Avoid Disaster: 10 Steps to Take When You Lose Your Wallet

You could swear it was “just there a minute ago”, but it’s too late now. Your laden wallet with all its precious contents is on the run, and you have mere minutes to engage in a little damage control before things spiral out of control.

Once the initial shock of losing your wallet wanes away, the aggravating realization that the entire contents of said wallet will have to be painstakingly replaced leaves a horrible sinking feeling, often reserved for the end of worlds. But it needn’t be that catastrophic; following these simple steps on what to do when you lose your wallet will ensure the whole debacle isn’t quite as disastrous as it seems.

1. Don’t Panic

As much as you may feel the need to run around like a headless chicken telling anyone who will listen you’ve lost your wallet, it really doesn’t help. Take a deep breath, count to ten, and set about fixing the problem.

If you’re in a public place and you’re not sure if your wallet has been lost or stolen, Cate Williams, financial guru at Money Management International, suggests you spend no more than 15 minutes looking for the lost wallet, which is just enough time to retrace your steps. If you’re at home when you realise your wallet is missing the search time can be extended to one hour.

2. Cancel the Contents

Once you’re sure the wallet has indeed gone AWOL, ring your bank immediately to cancel your cards. Many countries have one number you can call where you’ll be able to cancel all your cards in one go. It’s always good to keep a note of the cards in your wallet at any one time so you know which banks to ring if you have to call each one separately.

Visa, Mastercard and American Express have 24 hour free-phone hotlines in most parts of the world, so you can cancel your credit cards no matter where you are.

Many people make the mistake of storing the emergency card numbers in their wallet; store it in your phone, too, to be on the safe side, or write it in a diary.

3. Visit the Local Cop Shop

If you’re sure that the wallet’s been stolen,  go to the police station in the immediate vicinity, so the report is filed as soon as possible. And remember, as with all stolen goods, insurance is completely null and void without a police report number.

4. Report Everything

Don’t forget, if your driver license or any other cards that can be used to identify you for any reason are lost or stolen along with your wallet, report them missing to the relevant agency. Some countries list social security information on the license, which can be used for identity theft.

5. Don’t Make it So Easy for Them

Never carry your social security card, national insurance card or medical card with you, keep those at home until such times that they’re needed. The same applies to library cards and membership cards. They’re all veritable gold cards to the potential identity fraudster.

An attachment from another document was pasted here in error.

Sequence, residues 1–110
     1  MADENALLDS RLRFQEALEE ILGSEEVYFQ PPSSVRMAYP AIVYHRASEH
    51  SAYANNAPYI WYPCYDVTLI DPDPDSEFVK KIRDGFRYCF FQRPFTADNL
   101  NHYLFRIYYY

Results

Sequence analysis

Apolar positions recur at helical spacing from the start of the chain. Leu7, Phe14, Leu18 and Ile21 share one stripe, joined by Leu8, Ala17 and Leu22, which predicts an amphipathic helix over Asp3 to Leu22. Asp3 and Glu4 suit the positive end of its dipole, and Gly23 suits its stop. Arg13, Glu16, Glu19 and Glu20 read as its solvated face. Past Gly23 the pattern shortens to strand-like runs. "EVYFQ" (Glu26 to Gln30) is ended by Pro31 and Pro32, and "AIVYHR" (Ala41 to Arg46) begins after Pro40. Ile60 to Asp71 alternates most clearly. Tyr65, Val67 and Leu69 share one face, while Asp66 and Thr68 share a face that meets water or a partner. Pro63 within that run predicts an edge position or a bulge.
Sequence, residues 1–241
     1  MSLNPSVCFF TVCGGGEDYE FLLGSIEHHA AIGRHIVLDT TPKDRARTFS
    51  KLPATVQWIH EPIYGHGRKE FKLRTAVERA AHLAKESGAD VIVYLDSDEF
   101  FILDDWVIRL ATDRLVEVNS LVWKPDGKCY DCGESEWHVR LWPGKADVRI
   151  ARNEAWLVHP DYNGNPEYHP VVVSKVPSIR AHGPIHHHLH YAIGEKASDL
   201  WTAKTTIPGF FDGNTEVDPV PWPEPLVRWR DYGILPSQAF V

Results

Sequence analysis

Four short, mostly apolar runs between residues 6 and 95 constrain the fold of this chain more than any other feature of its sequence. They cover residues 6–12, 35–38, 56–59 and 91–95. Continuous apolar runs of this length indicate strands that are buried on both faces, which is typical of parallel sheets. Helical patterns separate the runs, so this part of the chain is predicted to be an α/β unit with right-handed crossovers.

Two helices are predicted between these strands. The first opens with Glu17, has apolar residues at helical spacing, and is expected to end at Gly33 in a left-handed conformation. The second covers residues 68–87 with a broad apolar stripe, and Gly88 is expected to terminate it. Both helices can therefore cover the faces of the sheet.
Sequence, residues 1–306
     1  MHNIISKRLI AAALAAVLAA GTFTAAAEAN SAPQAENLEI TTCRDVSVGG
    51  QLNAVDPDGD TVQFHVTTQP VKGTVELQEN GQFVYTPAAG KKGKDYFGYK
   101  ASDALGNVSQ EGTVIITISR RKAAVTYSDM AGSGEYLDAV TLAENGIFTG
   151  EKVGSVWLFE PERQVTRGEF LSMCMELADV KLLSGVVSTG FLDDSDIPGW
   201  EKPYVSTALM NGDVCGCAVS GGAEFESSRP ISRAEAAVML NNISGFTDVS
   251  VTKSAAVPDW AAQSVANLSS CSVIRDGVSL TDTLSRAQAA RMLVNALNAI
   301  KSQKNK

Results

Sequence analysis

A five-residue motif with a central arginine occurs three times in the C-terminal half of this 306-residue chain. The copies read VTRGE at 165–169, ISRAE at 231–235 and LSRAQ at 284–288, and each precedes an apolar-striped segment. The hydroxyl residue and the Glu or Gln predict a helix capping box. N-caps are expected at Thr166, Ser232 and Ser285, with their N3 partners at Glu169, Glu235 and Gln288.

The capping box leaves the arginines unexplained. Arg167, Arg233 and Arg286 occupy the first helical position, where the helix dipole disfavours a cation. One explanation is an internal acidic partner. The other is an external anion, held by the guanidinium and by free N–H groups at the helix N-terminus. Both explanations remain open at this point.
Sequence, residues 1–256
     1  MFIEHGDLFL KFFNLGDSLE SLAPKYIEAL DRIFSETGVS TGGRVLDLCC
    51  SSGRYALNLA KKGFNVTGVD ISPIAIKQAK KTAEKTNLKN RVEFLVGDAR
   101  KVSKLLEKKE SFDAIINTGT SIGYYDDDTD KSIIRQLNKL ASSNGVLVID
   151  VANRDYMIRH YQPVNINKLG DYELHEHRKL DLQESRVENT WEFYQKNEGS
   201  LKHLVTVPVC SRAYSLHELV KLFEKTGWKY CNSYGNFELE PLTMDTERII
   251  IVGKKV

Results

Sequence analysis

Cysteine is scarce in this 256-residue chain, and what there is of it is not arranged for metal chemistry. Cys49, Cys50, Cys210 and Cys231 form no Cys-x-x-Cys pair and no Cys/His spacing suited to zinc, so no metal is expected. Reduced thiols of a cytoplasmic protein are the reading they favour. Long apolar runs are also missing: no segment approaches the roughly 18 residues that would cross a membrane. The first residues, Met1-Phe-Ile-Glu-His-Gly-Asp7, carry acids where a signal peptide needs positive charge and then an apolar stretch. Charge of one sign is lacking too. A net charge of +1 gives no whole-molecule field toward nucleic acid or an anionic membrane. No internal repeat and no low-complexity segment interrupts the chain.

6. Get Rid of Incriminating Evidence

Get rid of sales receipts, too, especially if they show the full credit card number and expiry dates, as many still do. Dispose of all receipts as soon as you know you won’t be needing them again. If you need them for tax purposes, file them at home.

7. Be Clever

With identity theft on the increase, it’s important you don’t flaunt your personal and financial information where people can find it easily. Instead of storing PIN number details in your wallet – it’s astounding how many people still do – record the numbers elsewhere. A good idea is to record the PIN as part of a phone number. So if your PIN is 3456, record it as, say, 03 9480 3456. Then file it under the initial of the card supplier, so something like, Wesley Packerman for Wespac or Amelia Exeter for America Express. You get the picture.

8. Carry Less

Some advisors suggest photocopying the contents of your wallet, which in theory sounds great, but not everyone has access to a photocopier, or is quite so organized. Instead, carry just one or two cards at a time – it’s easier to remember a few cards instead of ten if your wallet is stolen, and means you’ll always have access to money if you leave the least used cards at home. You also won’t have to go through the trauma of having to reorder all your cards, although, it usually takes a wallet being stolen before people adopt this way of living.

9. Check Who is Liable for What

Be aware that if your card is used to withdraw cash, the cash will not be returned to your account automatically, as it once was when people reported misuse of their account. Nowadays, you don’t get the money recredited unless you can prove it was not you who used the card, which can be a lengthy, form-fuelled process. And in some countries, like the US, you can be liable up to $500, depending on when you report the card missing. Cancelling your cards as soon as possible will help avoid this situation.

If you’re not sure whether your card is lost or stolen, cancel them anyway, it’s safer in the long run. And studiously check your accounts for any transactions you don’t recognise in case the perpetrator has recorded your details but may not have the card anymore.

10. Streamline Your Life

Use the event to your advantage: acknowledge this as an opportunity to ‘streamline your life’. Did you really need all those cards? Not having them means you can’t use them, so maybe losing your wallet was a blessing in disguise? Take this opportunity to reduce your debts and dependency on credit cards and start life over with only the cards you need. And next time, which hopefully there won’t be, losing your wallet won’t seem so daunting.

This article was originally written for Credit Card Compare, now Finty >>>